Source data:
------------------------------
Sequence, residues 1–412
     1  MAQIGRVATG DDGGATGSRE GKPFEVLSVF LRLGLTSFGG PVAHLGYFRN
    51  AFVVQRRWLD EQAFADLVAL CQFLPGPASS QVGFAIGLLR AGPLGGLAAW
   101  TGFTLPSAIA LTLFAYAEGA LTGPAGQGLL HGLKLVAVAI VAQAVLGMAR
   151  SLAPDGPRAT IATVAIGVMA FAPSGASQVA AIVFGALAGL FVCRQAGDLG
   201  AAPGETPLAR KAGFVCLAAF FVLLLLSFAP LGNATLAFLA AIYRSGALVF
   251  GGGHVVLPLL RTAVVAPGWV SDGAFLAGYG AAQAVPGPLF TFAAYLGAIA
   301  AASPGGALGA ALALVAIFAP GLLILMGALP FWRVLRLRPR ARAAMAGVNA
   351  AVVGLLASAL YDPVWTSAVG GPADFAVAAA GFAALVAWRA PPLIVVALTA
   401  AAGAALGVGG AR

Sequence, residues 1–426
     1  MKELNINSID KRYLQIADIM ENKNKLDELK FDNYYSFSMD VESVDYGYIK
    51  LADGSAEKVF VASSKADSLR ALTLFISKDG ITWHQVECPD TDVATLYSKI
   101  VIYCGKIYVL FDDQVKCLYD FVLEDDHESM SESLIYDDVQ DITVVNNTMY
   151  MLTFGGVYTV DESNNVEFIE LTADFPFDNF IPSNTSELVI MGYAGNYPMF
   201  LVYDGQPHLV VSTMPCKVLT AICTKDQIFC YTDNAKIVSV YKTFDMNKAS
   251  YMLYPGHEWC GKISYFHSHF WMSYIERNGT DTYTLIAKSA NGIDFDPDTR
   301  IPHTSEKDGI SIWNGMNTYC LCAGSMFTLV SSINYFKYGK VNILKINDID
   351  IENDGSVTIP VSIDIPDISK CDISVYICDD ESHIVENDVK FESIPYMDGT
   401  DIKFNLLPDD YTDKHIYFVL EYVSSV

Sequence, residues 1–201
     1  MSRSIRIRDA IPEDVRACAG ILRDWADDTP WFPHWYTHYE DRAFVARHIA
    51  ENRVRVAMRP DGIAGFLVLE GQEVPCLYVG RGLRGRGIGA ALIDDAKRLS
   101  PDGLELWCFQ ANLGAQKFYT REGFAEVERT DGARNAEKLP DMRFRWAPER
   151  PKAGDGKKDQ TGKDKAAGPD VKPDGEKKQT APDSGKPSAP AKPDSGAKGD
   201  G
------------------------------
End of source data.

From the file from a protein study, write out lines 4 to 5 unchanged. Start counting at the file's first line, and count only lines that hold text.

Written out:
   101  TGFTLPSAIA LTLFAYAEGA LTGPAGQGLL HGLKLVAVAI VAQAVLGMAR
   151  SLAPDGPRAT IATVAIGVMA FAPSGASQVA AIVFGALAGL FVCRQAGDLG